– They are going to carry out a sham referendum that will give a semblance of legitimacy, then they will establish a republic and ask Russia to recognize them as an independent republic, says the lieutenant colonel.

In Russia, the propaganda surrounding the vote will probably convince many, while hardly anyone in the West will believe it, Karlsen believes. Nor does the West’s recognition play such a big role for the Russian rulers, he says.

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– What is important for the Russians now is to avoid resource-consuming protests against the warfare within Russia, and establishing a republic that asks to be recognized agrees well with that, Karlsen explains to VG.

WAR EXPERT: Lieutenant colonel and head teacher at the Norwegian Defense Academy, Geir Hågen Karlsen, follows the war closely.

Lawyer: – Legally questionable

Arranging such referendums on occupied Ukrainian territory is legally dubious, says college lecturer and jurist at the Norwegian Defense College Jo Andreas Sannem.

– An occupying power basically only has certain specific rights under international law, related to security. Arranging such a vote would probably be another violation of Ukrainian sovereignty, says Sannem to VG.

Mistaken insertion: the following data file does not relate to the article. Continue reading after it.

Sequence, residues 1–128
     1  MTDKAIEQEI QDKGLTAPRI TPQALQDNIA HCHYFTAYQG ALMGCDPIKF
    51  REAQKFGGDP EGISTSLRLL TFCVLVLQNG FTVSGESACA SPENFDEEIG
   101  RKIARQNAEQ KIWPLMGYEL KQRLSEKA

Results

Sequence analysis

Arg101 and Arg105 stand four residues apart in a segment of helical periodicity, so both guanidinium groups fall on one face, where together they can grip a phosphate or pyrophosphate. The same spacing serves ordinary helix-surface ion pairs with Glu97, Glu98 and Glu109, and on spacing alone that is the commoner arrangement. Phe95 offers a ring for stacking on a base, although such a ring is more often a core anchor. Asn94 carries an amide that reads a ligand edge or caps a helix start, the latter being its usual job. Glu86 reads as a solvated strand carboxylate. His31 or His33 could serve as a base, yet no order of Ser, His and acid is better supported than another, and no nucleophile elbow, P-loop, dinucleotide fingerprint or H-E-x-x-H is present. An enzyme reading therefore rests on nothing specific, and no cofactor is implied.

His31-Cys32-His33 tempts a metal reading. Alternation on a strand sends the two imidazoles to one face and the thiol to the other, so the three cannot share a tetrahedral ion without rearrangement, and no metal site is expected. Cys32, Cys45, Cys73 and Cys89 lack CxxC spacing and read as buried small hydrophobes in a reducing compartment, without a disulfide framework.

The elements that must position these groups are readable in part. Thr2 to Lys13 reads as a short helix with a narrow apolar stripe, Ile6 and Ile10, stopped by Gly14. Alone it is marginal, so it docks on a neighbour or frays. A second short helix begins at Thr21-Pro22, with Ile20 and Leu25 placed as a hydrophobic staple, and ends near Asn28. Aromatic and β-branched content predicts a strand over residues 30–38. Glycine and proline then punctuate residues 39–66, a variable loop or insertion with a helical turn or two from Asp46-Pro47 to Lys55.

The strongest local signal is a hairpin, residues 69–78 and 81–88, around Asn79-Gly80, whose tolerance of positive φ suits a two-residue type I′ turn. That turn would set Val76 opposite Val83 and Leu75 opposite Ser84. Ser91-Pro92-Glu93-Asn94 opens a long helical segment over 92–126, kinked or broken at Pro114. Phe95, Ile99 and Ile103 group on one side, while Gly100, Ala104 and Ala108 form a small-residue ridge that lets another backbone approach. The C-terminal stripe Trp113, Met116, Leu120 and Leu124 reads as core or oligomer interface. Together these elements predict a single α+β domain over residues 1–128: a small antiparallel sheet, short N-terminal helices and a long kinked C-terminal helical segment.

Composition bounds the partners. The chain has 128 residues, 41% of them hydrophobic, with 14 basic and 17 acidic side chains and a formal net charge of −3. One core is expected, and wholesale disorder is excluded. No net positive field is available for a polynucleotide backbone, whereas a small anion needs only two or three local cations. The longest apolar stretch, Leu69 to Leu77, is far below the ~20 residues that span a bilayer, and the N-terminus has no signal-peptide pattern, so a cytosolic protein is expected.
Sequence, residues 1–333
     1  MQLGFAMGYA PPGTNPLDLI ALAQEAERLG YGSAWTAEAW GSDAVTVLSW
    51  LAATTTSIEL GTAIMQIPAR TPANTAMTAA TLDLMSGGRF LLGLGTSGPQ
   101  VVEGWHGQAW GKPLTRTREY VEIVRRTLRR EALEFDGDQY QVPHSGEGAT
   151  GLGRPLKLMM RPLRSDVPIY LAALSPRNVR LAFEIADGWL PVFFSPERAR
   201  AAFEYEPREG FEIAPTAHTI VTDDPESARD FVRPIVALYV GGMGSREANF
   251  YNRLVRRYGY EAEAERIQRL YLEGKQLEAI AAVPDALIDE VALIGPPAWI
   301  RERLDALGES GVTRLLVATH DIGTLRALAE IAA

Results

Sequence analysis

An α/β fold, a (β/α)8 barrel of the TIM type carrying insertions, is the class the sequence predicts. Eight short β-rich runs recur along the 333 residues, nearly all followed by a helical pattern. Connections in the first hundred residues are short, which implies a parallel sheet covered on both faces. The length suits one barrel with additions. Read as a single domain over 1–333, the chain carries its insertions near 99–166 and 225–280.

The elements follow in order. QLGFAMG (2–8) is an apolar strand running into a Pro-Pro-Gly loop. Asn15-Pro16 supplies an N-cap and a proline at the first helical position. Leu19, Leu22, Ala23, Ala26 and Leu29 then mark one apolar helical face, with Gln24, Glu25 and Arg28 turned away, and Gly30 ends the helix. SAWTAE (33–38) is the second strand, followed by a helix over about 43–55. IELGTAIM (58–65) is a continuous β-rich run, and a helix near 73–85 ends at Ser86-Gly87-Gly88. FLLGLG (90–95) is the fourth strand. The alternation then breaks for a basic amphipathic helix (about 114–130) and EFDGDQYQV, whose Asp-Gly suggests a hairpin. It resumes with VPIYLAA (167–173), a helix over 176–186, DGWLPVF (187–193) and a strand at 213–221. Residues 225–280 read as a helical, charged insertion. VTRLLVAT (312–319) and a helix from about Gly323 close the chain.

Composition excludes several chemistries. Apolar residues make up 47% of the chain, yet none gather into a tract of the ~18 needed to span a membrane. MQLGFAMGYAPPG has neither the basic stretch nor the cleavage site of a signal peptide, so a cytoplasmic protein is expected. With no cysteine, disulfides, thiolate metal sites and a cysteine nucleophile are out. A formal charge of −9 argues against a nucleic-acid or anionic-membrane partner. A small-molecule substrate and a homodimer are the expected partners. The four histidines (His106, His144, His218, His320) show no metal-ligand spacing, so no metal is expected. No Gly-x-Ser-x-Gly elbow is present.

Ukrainian President Volodymyr Zelenskyi announced on Monday that he rules out negotiations with Russia if the Russians hold referendums in occupied territories.

“RUSSIAN”: Residents of the occupied city of Melitopol in the Zaporizhzhya region have been issued with Russian passports.

Status now: War of Attrition

Lieutenant-Colonel Geir Hågen Karlsen tells VG that in any case there is little to indicate that negotiations on a peace agreement between the parties are relevant now.

– As of today, it does not seem that either party is interested in negotiations. In general, one can say that negotiations come in two situations – when one of the parties has done quite well, or when the losses and costs have become so great for one of the parties that another solution has to be found.

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Neither part seems to be the case now, he believes.

– Everything now indicates that this will be long-term. My best assessment is that we are in a war of attrition where neither party is able to make any major conquests or change the map in the next few weeks, says Karlsen.

Fear of nuclear crisis

Russia took control of the southernmost part of Zaporizhzhya in the first days after the February 24 invasion.

The nuclear power plant is a strategically important object, because whoever controls it has control over power access in a large area.

The last few days have the nuclear power plant has been shelledwhich poses a great real risk of a nuclear crisis, according to the Director General of the International Atomic Energy Agency (IAEA), Rafael Grossi.

The Norwegian authorities have also expressed concern about the power plant. The Directorate for Radiation Protection and Nuclear Safety is monitoring the situation closely and has raised the level of preparedness, NTB reports.

STRATEGIC: The nuclear power plant in Zaporizhzhya supplies a large area with power, and is located in a region that the Russians want to become part of Russia.